Breaking up is never easy to do, but the split between Oracle and the new LibreOffice (news, site) team has been one of the more traumatic recent events in IT. CMSWire asked the new team's Italo Vignoli what went on behind the scenes and what can we expect to see now from Libre/OpenOffice.
Is It Open Season on Open Source?
The relationship between acquired open source projects in major corporations always seems to spark trouble. Oracle's acquisition of Sun seems to have more than its fair share of panic and drama. The latest bout being when most of the OpenOffice team marched off into the sunset to form LibreOffice.
The break-up sparked a lot of interest and support for the new team, but even though there was plenty of high visibility reaction in the form of chat logs and press releases, it was hard to gauge how the people involved were handling the situation. So, we asked Italo Vignoli, a member of the Steering Committee at LibreOffice what has been going on, and will happen in the company's future.
Geoff Spick: Tell us about how OpenOffice worked within Oracle?
Italo Vignoli: OpenOffice.org was a large project, where there was a small group of corporate developers and a huge number of volunteers, who — by definition — are using their free time to contribute to the project. Volunteers were handling localization, QA and marketing.
GS: Were any of you in-house at Oracle, and how did the process of departing go (or how is it going)?
IV: A couple of people used to be Sun employees, but left quite a long time ago and are now employed by Novell and Red Hat. The other people were volunteers and therefore did not belong to any formal OOo organization.
The process of leaving has not been as smooth as we would have liked. Oracle feels there is a conflict of interest and has asked some people to leave the community. I have been resigned from my role as community budget approver by a gentleman with an Oracle business card who has decided that he was a better community member than myself.
GS: Where is most of the team based and what tools do they use for working together?
IV: We are spread around the world, as we are a true international community. We use wikis and mailing lists, but also conference calls. For some tasks, we also use IRC, although this is better suited to development tasks.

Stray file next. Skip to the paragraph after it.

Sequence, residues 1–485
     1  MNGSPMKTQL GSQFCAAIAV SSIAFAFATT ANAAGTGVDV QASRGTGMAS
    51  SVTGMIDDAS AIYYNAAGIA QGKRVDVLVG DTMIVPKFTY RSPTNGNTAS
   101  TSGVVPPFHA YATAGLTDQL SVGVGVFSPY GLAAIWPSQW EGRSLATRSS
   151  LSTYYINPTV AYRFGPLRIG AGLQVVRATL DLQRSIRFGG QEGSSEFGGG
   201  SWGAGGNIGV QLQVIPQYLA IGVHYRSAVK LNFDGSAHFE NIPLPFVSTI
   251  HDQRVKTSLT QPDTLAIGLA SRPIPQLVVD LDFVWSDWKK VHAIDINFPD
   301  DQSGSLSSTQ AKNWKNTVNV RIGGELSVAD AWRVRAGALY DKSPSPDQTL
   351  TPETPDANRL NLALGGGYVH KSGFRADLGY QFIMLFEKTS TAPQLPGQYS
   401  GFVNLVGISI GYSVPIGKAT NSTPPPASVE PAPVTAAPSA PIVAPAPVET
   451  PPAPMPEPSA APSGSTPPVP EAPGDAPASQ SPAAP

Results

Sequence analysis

GS: Did the process of separation feel like a "rush for the exits" or was it a hard decision for some people?
IV: It has been a hard decision for most people, as they have been instrumental for building the OOo brand in most countries. We still believe in OOo, although we do not believe in a corporate-sponsored free software project.
We feel that corporate-sponsored free software projects belong to previous decades, as free software was not perceived as good enough to be self-sustaining. After 20 years, free software is mature enough for a self-sustaining business model, with corporate sponsors as members of the community.
GS: How would you describe the overall feel of the "new team" as it becomes a distinct entity from what went before?
IV: There is a huge amount of enthusiasm, and a nice progress of our activities (although we all would like to do even more, but it is rather difficult to sustain a fast pace for a long time when you have only a fraction of your time available). At the moment, we are focused on building the infrastructure and the legal entity.
GS: What are the main aims for the first few months of operation for LibreOffice?
IV: There is an overall objective of building a foundation based on openness and transparency, a development objective of building a stable release with some nice additional features over OOo, a marketing objective of creating and maintaining buzz around the project, etcetera.
The Document Foundation is a very ambitious project, and is aiming very high to show that a free software community can be as good as — or even better than — any corporate environment.
GS: Can we expect to see some big differences between LibreOffice and OpenOffice, or will the divergence be more subtle?
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